Thirteen-year-olds Anna Katherine Tankersley, Tommy Marlowe and Jack Wilbanks each received a plum tree in their name at the Sylacauga Grows community garden on Monday. The trees are a special “thank you” to the group for their donation of $728.
The teens, all with March birthdays, raised the funds through a joint birthday party where they asked for donations to Sylacauga Grows in lieu of birthday gifts.
Margaret Morton, Sylacauga Alliance for Family Enhancement director, said their donation proves they are “exceptional young people.”
“Rather than receive gifts, they gifted us, and they gifted the environment and the future,” Morton said. “With their generosity, not only these trees, but this garden hopefully has the capacity to sustain itself. Many people will benefit from their generosity because these are sustainable and renewable resources. These young people are serving as role models for others to give back in the same way.”
Anna Katherine, daughter of Sid and Angie Tankersley, said she and her friends looked for a way to benefit others through their birthdays.
“We thought donating to the garden was a good cause because it would give back to the community now and in the future,” she said.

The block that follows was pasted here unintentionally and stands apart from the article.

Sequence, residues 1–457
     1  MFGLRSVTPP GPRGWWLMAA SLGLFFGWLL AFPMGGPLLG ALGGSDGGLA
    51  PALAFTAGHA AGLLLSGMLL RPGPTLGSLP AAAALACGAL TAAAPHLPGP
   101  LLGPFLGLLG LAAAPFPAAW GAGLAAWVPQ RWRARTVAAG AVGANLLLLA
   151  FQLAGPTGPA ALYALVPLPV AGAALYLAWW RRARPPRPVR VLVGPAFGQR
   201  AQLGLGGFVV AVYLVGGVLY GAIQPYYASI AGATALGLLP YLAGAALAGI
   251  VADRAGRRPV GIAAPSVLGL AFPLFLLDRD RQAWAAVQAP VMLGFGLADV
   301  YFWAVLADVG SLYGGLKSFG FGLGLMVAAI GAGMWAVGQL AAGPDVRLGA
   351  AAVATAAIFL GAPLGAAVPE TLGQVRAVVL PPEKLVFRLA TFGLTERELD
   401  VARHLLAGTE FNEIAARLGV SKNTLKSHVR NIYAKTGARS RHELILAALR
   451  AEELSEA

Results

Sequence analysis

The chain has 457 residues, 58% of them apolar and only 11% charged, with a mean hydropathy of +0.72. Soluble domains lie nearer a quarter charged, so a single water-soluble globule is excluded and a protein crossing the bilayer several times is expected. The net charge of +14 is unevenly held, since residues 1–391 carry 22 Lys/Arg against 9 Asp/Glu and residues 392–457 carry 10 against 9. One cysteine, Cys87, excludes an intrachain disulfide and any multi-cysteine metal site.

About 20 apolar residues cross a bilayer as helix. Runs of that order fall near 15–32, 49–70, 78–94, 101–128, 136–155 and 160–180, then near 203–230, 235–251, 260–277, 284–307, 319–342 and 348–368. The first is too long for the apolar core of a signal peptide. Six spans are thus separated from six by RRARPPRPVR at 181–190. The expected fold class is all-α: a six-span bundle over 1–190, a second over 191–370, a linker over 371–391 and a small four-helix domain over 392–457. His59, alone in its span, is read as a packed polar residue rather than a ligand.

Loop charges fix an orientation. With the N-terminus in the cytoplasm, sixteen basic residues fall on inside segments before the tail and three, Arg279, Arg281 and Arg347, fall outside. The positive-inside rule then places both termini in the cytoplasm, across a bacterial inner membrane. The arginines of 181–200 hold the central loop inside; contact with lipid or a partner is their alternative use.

Jack, son of David and Laurie Wilbanks, and Tommy, son of Steve and Amy Marlowe, said it felt good to donate rather than receive gifts.
“It seemed like a nice thing to do, and it’s good because it helps SAFE,” Tommy said.
Jack said the trees will also serve as a permanent reminder of their thirteenth birthday.
“It means a lot that we will be able to come back later and still have the trees here,” he said.
SAFE’s lead gardener Bill Roberts told the teens that they have blessed many people by helping the garden grow.
“Everybody on this earth has a gift and an opportunity to help other people, and it's up to us to find and nurture that gift,” Roberts said. “You have done that with just one of the gifts that you have by participating and helping us add to our orchard. We look forward to every fruit that comes off these trees having your name on it.”
Morton said the teens’ willingness to give is a product of their supportive parents.
“If there is one thing SAFE is about, it is strong families, and obviously these young people have been born into families that are nurturing and supporting them in a very positive fashion, and these are the fruits of their labor,” Morton said.
The fruit orchard, which was started last November, has a variety of apple, pear and plum trees. Each tree in the orchard is dedicated in memory or honor of a person of group.
The orchard is part of the community garden in Sylavon Court. Summer crops at the garden include green beans, strawberries, blueberries, corn, tomatoes and more. Produce baskets are available at SAFE for $5 each.
The garden also gathers fresh honey that is sold at Yoder’s Family Traditions.
Trees are still available at a cost of $50, which includes a personalized marker placed at the base of the tree. For more information, contact SAFE at 256-245-4343.
Contact Emily Adams at email@example.com.